In this Instructable I’m gonna show you how to replace the LEDs on a fishing alarm.
Step 1: Why to Replace the LEDs?
Fishing alarms are an awesome tool in your fishing arsenal. However, when you order a bunch of them at once, all of their LEDs are the same color so in situations when you have two or three one next to the other it is very difficult to know which one was triggered.
To fix this I’m gonna replace the LEDs on two of them so I can then have three different colored alarms.
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Step 2: Disassemble
To start, we first need to remove the screws that connect the casing. There are two screws on the top and one on the bottom. Once they are removed, we can lift up the back cover and we get access to the PCB.
Even though the two I have came in the same batch, they are slightly different. On one, the numbering on the chip is removed while on the other it is still present. However the principle of operations is the same.
Step 3: Principle of Operations
In the center part of the alarm there is rotating magnet that is actuated by the fishing line when placed on top of it. This magnet interacts with a reed switch that triggers the alarm as soon as the fish is on and starts pulling the line.
The circuit on the one with the numbering is based on the EM78P156NPJ IC chip which is an 8 bit microcontroller with 18 pins. 4 of the pins are used for the input buttons, one for the reed switch, one for the piezo speaker and two for the top LEDs. Unfortunately we cannot know the exact code that is flashed on the chip but it should be fairly simple based on the small component count.
An interesting observation in one of the alarms is the way that they managed to fix an issue directly from the factory. One of the pads where the LED is being soldered got damaged either while assembly or while manufacturing so they used a piece of wire to jump the line and connect directly to the other component. Although not the prettiest fix, it does the job well.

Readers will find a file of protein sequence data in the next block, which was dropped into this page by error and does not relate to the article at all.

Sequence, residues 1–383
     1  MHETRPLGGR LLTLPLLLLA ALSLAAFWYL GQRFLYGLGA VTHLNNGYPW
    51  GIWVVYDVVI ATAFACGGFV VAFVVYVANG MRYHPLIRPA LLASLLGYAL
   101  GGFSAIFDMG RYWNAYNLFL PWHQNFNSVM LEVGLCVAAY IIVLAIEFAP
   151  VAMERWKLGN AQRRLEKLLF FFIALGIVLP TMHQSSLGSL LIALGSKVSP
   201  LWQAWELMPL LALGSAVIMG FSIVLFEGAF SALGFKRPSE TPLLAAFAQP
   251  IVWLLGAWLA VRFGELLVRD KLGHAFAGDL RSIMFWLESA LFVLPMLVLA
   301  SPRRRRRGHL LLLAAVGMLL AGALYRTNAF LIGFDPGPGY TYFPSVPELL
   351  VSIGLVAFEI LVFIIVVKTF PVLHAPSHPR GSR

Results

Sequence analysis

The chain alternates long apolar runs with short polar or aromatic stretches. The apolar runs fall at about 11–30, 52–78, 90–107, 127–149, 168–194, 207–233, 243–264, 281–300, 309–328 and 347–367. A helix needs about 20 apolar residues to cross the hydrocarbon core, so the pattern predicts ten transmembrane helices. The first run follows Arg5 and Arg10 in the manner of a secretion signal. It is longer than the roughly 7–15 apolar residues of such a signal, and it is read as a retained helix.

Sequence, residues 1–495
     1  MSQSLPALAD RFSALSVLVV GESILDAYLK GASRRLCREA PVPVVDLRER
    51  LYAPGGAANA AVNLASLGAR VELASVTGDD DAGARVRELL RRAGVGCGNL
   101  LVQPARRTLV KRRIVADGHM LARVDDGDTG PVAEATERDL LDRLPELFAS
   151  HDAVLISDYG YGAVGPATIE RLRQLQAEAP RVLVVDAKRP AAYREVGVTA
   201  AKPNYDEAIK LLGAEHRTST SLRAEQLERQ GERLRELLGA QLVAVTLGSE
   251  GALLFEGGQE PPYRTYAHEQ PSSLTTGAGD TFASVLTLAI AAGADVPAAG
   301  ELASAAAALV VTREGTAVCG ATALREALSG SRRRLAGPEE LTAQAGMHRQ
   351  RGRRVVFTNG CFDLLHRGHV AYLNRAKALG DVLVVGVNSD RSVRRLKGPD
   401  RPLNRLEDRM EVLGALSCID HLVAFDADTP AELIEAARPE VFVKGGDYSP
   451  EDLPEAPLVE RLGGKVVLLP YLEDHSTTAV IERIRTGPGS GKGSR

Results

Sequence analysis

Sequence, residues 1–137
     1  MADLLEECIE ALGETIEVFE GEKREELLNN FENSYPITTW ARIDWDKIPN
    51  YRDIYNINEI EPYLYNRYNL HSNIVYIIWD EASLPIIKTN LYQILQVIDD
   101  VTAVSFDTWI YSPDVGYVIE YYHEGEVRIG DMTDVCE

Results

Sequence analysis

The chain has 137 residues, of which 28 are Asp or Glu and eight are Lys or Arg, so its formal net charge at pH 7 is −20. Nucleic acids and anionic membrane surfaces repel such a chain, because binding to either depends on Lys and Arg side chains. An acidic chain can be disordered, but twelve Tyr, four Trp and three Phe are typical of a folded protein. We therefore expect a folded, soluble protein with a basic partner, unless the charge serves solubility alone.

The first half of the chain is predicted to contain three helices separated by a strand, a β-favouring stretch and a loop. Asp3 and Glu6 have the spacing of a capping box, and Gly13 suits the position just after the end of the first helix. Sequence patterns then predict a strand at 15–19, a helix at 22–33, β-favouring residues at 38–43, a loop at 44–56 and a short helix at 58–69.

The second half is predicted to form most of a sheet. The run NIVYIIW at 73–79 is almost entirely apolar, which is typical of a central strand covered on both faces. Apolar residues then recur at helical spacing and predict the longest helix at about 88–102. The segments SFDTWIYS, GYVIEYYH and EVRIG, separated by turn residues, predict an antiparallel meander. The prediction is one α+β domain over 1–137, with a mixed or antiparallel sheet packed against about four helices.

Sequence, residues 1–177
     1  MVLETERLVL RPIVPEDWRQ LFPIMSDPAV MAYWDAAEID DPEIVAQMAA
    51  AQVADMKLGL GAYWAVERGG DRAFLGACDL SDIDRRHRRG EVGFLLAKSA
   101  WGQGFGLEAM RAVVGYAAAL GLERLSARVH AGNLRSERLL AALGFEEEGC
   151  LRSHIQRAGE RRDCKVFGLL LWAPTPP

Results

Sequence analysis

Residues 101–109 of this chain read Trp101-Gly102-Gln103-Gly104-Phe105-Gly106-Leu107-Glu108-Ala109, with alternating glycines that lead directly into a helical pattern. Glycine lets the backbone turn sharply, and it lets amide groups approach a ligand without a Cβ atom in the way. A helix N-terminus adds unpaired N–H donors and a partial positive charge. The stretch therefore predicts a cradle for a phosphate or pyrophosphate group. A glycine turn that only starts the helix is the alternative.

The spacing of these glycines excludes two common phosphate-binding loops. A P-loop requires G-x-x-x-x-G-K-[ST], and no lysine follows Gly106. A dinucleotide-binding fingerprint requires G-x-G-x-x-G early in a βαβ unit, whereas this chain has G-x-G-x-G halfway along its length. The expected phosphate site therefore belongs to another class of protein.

Step 4: Replace the LEDs
To replace the LEDs we’ll first add some fresh solder to the pads and while holding the soldering iron onto both of the LED legs, we will gently pull the LED out. When out, with a clean solder tip we can remove most of the extra solder and insert the new LED in place with the same orientation as before. The longer leg is always the positive and in my case it is being placed on the right pad on both locations.
The tricky part here is getting the length of the legs right. I used the original LEDs to solder the new ones in place at the right height and then bend the legs outward and down so they can be placed in the original holes.
Step 5: Assemble
With that, we can add the batteries back while the alarm is still open and once we confirm that everything operates as expected, we can add the back cover and the screws so we can call this project a success.